Home – it’s the place you go to relax and get away from the stress of everyday life and it doesn’t matter if your home is a place you own or rent. Your home is your castle.
Unfortunately, according to the U.S. Centers for Disease Control and Prevention, 47% of all injuries requiring medical attention occurred while the patients were at home. Keep an eye out for these common injury culprits.
Safety Ideas for Your Tenants
Seniors, 65 and older, are at the top of the list of ER visits for injuries caused by falls in the home. Surprisingly, falls are also the top injury cause for middle aged adults and preschoolers too. So, what can you do as the property manager or owner to help make it safer for your tenants? Here are some ideas that can help:
- Obstruction: First off, encourage them to keep the stairs and the floors in high traffic areas clear of obstructions that could cause the resident to trip and fall.
- Lighting: Another preventative measure you can do is to keep adequate lighting in and around your home or apartment building. Encourage the use of night lights or flashlights if you get up after hours. Provide adequate lighting in common areas and make sure all stairs and steps have adequate and secure handrails.
- Grab Bars/Handrails: If any of your residents are limited in movement, handicapped or just elderly, grab bars in the bathroom and handrails make it safer for your residents. Safety devices such as these make it clear to your tenant that you care about their well-being.
- Baby Gates: If you have residents with babies, encourage the use of baby gates to keep toddlers in safer areas. The damage done to walls is minimal and can easily be repaired. You don’t want a toddler to fall down a set of stairs because you, the owner or property manager, told the resident that they could not put the gates in because they damage the walls.
- Anchors: As with baby gates, putting anchors on bookcases and large screen TVs and anything that a small child can pull over or an earthquake could cause it to fall, could save your residents from serious injury. Again, the holes for such anchors can easily be repaired.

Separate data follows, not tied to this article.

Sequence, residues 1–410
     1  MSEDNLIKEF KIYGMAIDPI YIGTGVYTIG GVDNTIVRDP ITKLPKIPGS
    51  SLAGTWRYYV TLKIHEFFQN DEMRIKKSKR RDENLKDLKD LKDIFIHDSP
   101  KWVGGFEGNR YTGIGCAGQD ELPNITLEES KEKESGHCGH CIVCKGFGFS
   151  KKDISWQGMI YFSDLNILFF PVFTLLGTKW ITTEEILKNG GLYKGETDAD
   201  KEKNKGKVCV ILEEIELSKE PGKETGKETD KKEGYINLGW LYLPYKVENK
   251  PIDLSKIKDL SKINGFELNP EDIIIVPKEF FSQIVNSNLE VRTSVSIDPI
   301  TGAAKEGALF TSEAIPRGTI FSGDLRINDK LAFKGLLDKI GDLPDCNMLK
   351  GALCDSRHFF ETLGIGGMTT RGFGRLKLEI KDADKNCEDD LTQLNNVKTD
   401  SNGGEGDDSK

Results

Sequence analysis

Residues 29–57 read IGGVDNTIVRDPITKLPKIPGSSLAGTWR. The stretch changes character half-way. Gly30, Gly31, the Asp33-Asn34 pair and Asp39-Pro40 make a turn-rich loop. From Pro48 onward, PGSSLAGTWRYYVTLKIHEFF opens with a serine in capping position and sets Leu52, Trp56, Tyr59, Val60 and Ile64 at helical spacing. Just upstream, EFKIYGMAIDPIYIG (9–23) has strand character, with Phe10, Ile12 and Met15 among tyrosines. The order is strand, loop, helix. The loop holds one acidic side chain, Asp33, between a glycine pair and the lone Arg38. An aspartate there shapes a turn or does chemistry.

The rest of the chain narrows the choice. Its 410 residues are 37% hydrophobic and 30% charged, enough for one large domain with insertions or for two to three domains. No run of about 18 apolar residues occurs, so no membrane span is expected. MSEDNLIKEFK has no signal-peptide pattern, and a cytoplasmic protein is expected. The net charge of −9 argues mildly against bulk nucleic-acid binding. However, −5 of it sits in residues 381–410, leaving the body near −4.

- Rugs: Another cause of falls is rugs in common areas as well as in each residence. Make sure all rugs have non-skid backing, make sure edges are not curled up where they are just asking to trip someone.
- Spills: Spills are another cause of falls. Make sure that all spills in common areas are immediately cleaned up. Encourage your residents to clean up any spill they have made or have come across in their daily activities.
- Objects Falling: Another cause of injury at home is something falling on a resident. Things that are heavy and can fall from a closet shelf and bump you on the head can cause serious harm. Things that are heavy should be kept on lower shelves. Granted, you cannot make this happen as you are not the resident, although you can remind your residents of the danger. This could be done during your yearly or six month inspections or you can remind them in a safety letter. Things should be secured or kept on lower shelves in any common area.
- Slips: Slips that occur in the bathroom or on a wet hallway (from the weather or cleaning) or a trip over a rug are common accidents that could send you or your resident to the ER. Make sure that wet floors are identified by “Wet Floor” caution signs until the floor is dry.
- Playgrounds: If your property has communal playgrounds, you should add a protective surface under swings and children’s play areas. Kids are going to fall – that’s a given, so make the surface they play on as safe as possible.
- Drawers and Cabinets: Encourage your tenants to close cabinet doors and drawers immediately after use. This should be a rule in common areas.
- Sharp Table Edges: Other things you can remind your tenants to do to protect their family is to cushion sharp table edges at least until their children are standing and walking steadily.
It seems that there are more injuries in the home during the winter months than any other time. This may be due to the cold, wet, nasty weather and it is just too uncomfortable to be outside. In the winter, water is tracked in making floors slick and dangerous.
As the property owner or manager, it is your responsibility to see that your property is as safe as possible. Granted, you cannot go into a unit and demand the tenant to do this or not to do that, but you can use such things as friendly reminders in the form of informative emails, newsletters and even a simple flier or letter to the tenant. It not only shows the tenant you care about their safety, it also shows that you are doing everything you can to provide a safe environment.
Ed Bartley is a retired police officer, former school teacher and former 911 operator. Reprinted with permission of the Rental Housing Association UPDATE.